How to create a web application using NPM and Docker in 5 minutes or less

Posted by Ivan Porta on Monday, March 9, 2020

In this article, I will show first how to build a Docker image and then download it from Docker Hub and use it to instantiate a new web application.



  • Windows 10 64-bit: Pro, Enterprise, or Education (Build 15063 or later).
  • Hyper-V and Containers Windows features must be enabled.


  • You are fine ;-)


For this exercise, we will need to use the Docker platform. To do so we have to create a new account on Docker Hub (a sort of GitHub for docker images).

Windows and Mac

  1. Navigate to and create a new account
  2. Click Exploreon the right side of the page
  3. Select the filter Docker CE (CE stands for Community Edition)
  4. Search for Docker Desktop for Windows and then install it


  1. Navigate to and create a new account
  2. Click Exploreon the right side of the page
  3. Select the filter Docker CE (CE stand for Community Edition)
  4. Search for Docker Engine — Ubuntu (Community) and then install it

Once the installation is over (Windows users need to restart their machine before moving forward) check if everything went well by executing the command:

    docker --version

This command will prompt an output message with the version and build number of your docker

    Docker version 19.03.5, build 633a0ea

Create a new npm package

Let’s create a new folder (the place where we will put all files related to our web application) and name it CoolWebsite. Inside the folder create a new Javascript file called server.js and paste the following code, which will have our web application in it.

    var express = require('express');
    var app = express();
    app.get('/', function(req, res) {
        res.send('<h1>Welcome to my Docker Tutorial</h1>');
    app.get('/random', function(req, res) {
          var num = Math.floor(Math.random() * 3);
          res.send('<h1>My lucky number =  ' + num +'</h1>');
    console.log("Running on port 8080");

Once you have done this, it’s time to generate our _package.json_file by executing the command:

    npm init

Its execution will prompt you to make several inputs for a few aspects of the project like the project’s name, version, etc.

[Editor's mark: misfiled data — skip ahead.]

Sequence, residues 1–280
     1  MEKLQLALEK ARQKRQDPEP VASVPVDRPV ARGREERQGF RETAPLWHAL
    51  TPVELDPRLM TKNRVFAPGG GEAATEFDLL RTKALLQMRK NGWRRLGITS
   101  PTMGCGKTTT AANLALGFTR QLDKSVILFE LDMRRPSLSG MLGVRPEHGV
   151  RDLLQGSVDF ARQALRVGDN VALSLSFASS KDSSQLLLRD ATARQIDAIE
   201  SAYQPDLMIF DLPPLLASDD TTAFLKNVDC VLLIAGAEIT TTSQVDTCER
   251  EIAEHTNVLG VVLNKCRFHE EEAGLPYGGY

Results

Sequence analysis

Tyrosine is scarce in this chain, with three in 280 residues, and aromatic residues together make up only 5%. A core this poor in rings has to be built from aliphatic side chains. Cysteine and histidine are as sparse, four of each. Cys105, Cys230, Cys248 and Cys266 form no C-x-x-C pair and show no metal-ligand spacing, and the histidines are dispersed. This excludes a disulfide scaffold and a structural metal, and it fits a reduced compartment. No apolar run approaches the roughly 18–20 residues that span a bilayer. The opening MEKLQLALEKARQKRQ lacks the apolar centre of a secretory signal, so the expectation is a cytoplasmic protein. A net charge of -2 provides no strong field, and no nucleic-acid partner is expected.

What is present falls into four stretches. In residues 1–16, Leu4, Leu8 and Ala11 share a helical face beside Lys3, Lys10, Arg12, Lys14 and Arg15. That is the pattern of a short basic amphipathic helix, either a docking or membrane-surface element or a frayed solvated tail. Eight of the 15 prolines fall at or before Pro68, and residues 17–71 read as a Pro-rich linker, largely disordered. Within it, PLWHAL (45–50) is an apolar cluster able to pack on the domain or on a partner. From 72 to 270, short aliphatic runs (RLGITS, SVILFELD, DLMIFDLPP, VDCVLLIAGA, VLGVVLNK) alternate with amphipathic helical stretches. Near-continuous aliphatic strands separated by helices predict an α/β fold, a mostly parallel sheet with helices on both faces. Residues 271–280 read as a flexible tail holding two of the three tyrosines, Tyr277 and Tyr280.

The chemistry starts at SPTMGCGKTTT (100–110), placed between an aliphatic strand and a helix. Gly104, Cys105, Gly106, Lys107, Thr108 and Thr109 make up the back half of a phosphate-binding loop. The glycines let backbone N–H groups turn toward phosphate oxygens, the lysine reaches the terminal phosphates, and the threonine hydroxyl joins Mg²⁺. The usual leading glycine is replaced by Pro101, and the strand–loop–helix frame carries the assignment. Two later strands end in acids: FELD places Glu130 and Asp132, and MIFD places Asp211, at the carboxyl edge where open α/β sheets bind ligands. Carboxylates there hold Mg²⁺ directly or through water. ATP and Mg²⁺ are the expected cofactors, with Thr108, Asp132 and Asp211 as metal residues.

$ npm init
    This utility will walk you through creating a package.json file.
    It only covers the most common items, and tries to guess sensible defaults.
    See `npm help json` for definitive documentation on these fields
    and exactly what they do.
    Use `npm install <pkg>` afterwards to install a package and
    save it as a dependency in the package.json file.
    Press ^C at any time to quit.
    package name: (coolwebsite) coolwebsite
    version: (1.0.0) 1.0.0
    description: Docker tutorial
    entry point: (server.js) server.js
    test command:
    git repository:
    keywords: Docker
    author: Ivan Porta
    license: (ISC) ISC
    About to write to C:\Users\ivanp\Desktop\CoolWebsite\package.json:
        "name": "coolwebsite",
        "version": "1.0.0",
        "description": "Docker tutorial",
        "main": "server.js",
        "scripts": {
          "test": "echo \"Error: no test specified\" && exit 1",
          "start": "node server.js"
        "keywords": [
        "author": "Ivan Porta",
        "license": "ISC"
    }Is this OK? (yes) yes

Once the file is generated, create a new file called Dockerfile and paste the following code in it:

FROM node:carbon 
WORKDIR /usr/src/app 
COPY . . 
RUN npm install 
EXPOSE 8080 
CMD ["npm", "start"]

The only purpose of the lines above is to tell docker what layers we’ll need and what commands need to be run when the application is run via docker. For example, our file will first download an image for Node, define a WORKDIR in the container, copy package.json into the container, execute npm install to pull in the libraries, copy the files from our directory to the container, expose port 8080, and lastly runs the command npm start which is defined in the package.json file.

Build an image

Now that we have a Dockerfile, we need to build an image by following:

docker build -t coolwebsite ./

The parameter -t express the name that we are giving the image.

Run an image locally

In order to run this image on our local machine, let’s create a live running container by executing the following command:

docker run -p 3001:8080 coolwebsite

The parameter -p maps a port of our local machine to a port of our container (in this case, maps port 3001 of our local machine to port 8080 of the container)

To see the results enter the URL localhost:3001 into the browser.

Store this Image on Docker Hub

It’s time to upload our container image onto Docker Hub, to do so we have to log in to Docker Hub by following:

docker login --username=your_dockerhub_username

Then look for the Image ID for the image that you want to send to this repository by using the command:

docker images

Link the image to the one that will be stored on Docker hub using the tagging system:

docker tag ImageID your_dockerhub_username/name_of_repo

And then push the built image to your Docker Hub, by executing the command:

docker push your_dockerhub_username/name_of_repo

Now that our image has been uploaded to Docker Hub, we can treat it in the same way as the local image. To see our code running from a container we must execute the following command:

docker run your_dockerhub_username/name_of_repo